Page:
The devastating earthquake in Bohol last Tuesday is a stark reminder of how vulnerable our communities still are to the different hazards present in the country. The humanitarian situation is dire and many people are appealing for help and assistance in Central Visayas. They would badly need food and water for the evacuees and medicines for the injured.
At around 8:13 in the morning, a powerful magnitude 7.2 earthquake struck Bohol. It was felt at magnitude 7.0 at Tagbilaran City causing damage and displacement to many. Among the hardest hit were the municipalities of Loon, Antekerra and Maribojoc. Centuries old churches in Baclayon and Loboc have been heavily damaged.
Magnitude is a measure of the energy released by an earthquake. A magnitude 3.0 earthquake would be felt slightly indoors and might cause loose objects to move. A magnitude 4.0 quake would be 10 times stronger and would be releasing more than 31.6 times in energy. A magnitude 7.0 quake would be around 10,000 times stronger than a truck passing by. That is what struck Bohol last Tuesday.
More than a hundred died as a result of the quake and more than 200 were injured. Water and electric power has been interrupted. Other heritage churches, 17 of which are in Bohol, have also been affected. Houses and buildings have been damaged as well. Reports from Bohol mention evacuees from the shoreline communities staying in the covered courts of Barangays Cogon, Dao, Dampas, Tiptip, Manga and Urusan. Others are staying in the open fields of Loon, Maribojoc, San Isidro, Calape, Tubigon and Carmen.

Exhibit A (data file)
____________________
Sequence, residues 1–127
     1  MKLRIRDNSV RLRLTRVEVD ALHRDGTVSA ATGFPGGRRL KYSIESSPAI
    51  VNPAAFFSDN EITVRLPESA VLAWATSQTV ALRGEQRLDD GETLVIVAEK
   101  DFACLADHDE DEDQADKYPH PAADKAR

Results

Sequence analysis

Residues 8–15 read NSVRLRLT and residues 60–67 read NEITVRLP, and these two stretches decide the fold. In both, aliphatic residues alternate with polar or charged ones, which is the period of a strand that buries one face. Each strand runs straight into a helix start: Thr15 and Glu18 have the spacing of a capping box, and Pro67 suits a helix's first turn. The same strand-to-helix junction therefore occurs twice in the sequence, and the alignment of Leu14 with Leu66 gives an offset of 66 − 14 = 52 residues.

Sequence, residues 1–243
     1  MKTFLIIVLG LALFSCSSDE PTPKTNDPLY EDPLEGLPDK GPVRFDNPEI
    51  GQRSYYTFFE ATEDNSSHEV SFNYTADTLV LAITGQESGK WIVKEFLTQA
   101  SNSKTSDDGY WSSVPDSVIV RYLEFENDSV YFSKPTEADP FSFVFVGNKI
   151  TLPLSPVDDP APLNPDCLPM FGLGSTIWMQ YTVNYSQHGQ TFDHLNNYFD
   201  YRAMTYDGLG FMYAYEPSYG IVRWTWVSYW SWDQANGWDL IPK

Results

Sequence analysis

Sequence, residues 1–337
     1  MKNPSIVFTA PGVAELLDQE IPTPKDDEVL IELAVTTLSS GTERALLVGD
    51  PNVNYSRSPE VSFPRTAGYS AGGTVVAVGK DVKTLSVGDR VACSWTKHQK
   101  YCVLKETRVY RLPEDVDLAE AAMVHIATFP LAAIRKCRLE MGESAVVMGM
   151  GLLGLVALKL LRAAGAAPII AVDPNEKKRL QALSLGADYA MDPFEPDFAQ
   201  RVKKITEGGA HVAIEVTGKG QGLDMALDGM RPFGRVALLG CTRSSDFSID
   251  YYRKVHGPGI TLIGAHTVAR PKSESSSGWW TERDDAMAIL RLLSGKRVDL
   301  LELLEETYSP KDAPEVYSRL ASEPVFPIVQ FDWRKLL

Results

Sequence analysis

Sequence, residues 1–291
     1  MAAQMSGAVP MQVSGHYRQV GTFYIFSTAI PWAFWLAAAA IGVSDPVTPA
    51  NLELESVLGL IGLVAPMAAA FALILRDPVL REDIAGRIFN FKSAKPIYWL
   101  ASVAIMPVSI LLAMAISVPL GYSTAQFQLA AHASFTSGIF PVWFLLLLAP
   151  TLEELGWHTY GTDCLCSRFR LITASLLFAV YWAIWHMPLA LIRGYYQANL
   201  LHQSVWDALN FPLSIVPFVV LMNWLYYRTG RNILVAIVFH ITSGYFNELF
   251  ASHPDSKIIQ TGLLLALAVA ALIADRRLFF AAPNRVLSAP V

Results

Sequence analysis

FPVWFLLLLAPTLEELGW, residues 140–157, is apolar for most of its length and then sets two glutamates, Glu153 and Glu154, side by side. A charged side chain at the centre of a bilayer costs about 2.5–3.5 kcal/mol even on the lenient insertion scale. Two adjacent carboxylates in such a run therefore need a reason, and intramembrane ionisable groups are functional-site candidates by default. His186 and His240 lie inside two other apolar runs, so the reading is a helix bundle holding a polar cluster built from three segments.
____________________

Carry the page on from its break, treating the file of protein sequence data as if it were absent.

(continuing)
More than two thousand have opted for temporary shelter in Tagbilaran with many more in other municipalities. Earthmoving equipment are needed in the retrieval operations as many roads and bridges remain impassable. Landslides have occurred in many places and have isolated some areas temporarily.
The tragedy in Bohol should be a warning for us to always be prepared for disasters. The country is part of the very active Pacific ring of fire and earthquakes would happen all the time. From time to time a large magnitude earthquake such as this one would occur. Since it is part of our geological heritage, we could at best prepare for such hazards.
We cannot escape the hazards brought by tectonic activity. One option is of course build away from fault zones but a cursory glance at the fault maps of the Philvolcs would indicate that the country is crisscrossed by many fault lines. We can also do engineering solutions which can rack up costs for a building.
The same is true for typhoons. We cannot avoid that around 20 or so typhoons would always strike out a path through the Philippine Area of Responsibility. One such typhoon crossed the Visayas last month and caused damage as well. We should just recall typhoons Pablo, Pepeng, Ondoy and Frank to realize the frequent strong visits of typhoon induced disasters in the country.
Climate change has not made our life easier. Additional hazards such as increased rainfall and frequency of storms have been observed. The International Panel of Climate Change said in its report last month that the difference between dry and wet months will be more pronounced while sea levels are expected to rise as well. Climate change aggravates the hazards that we already face.
Earthquakes and typhoons are examples of hazards that we cannot avoid. We cannot predict as of now the occurrences of quakes but we can earthquake-proof our buildings and roads. Historical monuments such as churches should be reinforced and rehabilitated.
Although we can look at satellite maps and radar for the rain intensity and winds brought by a typhoon, we still have to typhoon-proof our roads, drainage the that the best way to reduce vulnerability is to combine this readiness with increasing the capacity of communities to face these hazards. This would entail providing access to local jobs, social services and economic relief in general in order to reduce the impact of disasters in our lives.